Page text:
But there is yet another way to make purple – via a pigment that naturally reflects both blue and red wavelengths. This optical mixing creates a “true” purple color.

So in theory, if a pigment could selectively reflect both blue and red wavelengths, it could produce a true blue-red color. But does such a pigment exist in nature?

Natural Blue-Red Pigments

There are few examples of natural pigments that reflect both blue and red wavelengths. Most purple-hued pigments are mixes of separate blue and red compounds rather than a unified blue-red pigment.

Some sea organisms display an extremely bright, unnatural purple-blue color. This comes from brominated phenols and other bioaccumulated organic chemicals that absorb green/yellow light, leaving only blue and red to reflect. While spectacular, these creatures’ colors are really just a purple created by complemenatry blue and red wavelengths.

A class of protein called cryptochromes, found in plants and animals, exhibits a natural blue-red pigmentation when purified and crystallized. The cryptochromes contain a flavin core that reflects dual blue and red wavelengths when stimulated. However, this occurs only under very specific laboratory conditions. In nature, cryptochromes appear colorless or pale yellow.

In general, blue-red colors are rarely found among natural pigments. Complex organic molecules with broad, dual absorption/reflection peaks at opposite ends of the visible spectrum are biologically difficult to produce through evolution. Most organisms simply use a mix of separate blue and red pigments to create purple hues when needed.

So while possible in theory, true blue-red pigments remain elusive. There are few if any examples among the palette of natural pigmentation.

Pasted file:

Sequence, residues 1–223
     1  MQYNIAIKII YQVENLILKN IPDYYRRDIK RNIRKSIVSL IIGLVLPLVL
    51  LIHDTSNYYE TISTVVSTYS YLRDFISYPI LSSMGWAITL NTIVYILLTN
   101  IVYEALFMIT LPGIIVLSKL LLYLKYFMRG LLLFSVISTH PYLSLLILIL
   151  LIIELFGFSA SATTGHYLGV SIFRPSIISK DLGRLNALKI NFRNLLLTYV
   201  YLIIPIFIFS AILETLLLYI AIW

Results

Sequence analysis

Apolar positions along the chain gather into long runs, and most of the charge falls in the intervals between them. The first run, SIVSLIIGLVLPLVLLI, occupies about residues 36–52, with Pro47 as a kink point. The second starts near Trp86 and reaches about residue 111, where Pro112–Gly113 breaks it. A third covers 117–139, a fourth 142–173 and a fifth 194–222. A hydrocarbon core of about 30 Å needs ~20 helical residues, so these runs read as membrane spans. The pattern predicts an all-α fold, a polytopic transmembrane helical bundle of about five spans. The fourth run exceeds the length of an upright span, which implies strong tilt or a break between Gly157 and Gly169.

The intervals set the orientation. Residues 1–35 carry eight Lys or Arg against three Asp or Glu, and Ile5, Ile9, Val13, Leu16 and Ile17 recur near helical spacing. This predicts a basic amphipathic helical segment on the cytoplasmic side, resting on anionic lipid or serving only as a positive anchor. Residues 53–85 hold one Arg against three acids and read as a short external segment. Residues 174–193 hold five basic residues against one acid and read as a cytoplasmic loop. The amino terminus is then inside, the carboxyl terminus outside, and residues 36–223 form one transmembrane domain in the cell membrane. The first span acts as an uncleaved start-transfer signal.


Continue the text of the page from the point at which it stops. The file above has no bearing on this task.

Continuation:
Artificial Blue-Red Colors

If nature struggles to create a blue-red pigment, can human engineering and chemistry succeed?

Modern synthetic dyes use a wide array of complex compounds to produce intensely vivid colors. Could any of these artificial pigments combine blue and red wavelengths?

Most synthetic purple dyes create the color through a mix of blue and red components. For example, modern printer and artist pigments blend organic or inorganic compounds to absorb wavelengths between blue and red.

However, at least one artificial pigment does appear to reflect close to true blue and red wavelengths simultaneously.

Nickel dithiolene compounds can be synthesized into thin crystalline sheets with a blue-red metallic shine. The crystals absorb green/yellow light, while reflecting both blue and red peaks when measured with spectrophotometry. This likely arises from the nickel ions interacting with sulphur atoms in the dithiolene ligands.

So while examples are still extremely rare, human chemical engineering does seem capable of purposefully creating pigments with true blue-red optical properties.

The Limits of Blue-Red Perception

Even if a true blue-red pigment can be synthesized artificially, would we actually perceive it as a new color? Or would our brains simply process it as a shade of purple?

The way our eyes and brains process color is complex. We have three types of cone cells for absorbing red, green and blue wavelengths. There are no cone cells specifically tuned for combinations like blue-red. Intermediate colors are constructed in our brains from the cone inputs.

In the case of purple hues, our brains likely convert the mix of blue and red wavelengths into a perceptual gradient between the two. We automatically parse purple as a color distinct from, but related to, blue and red.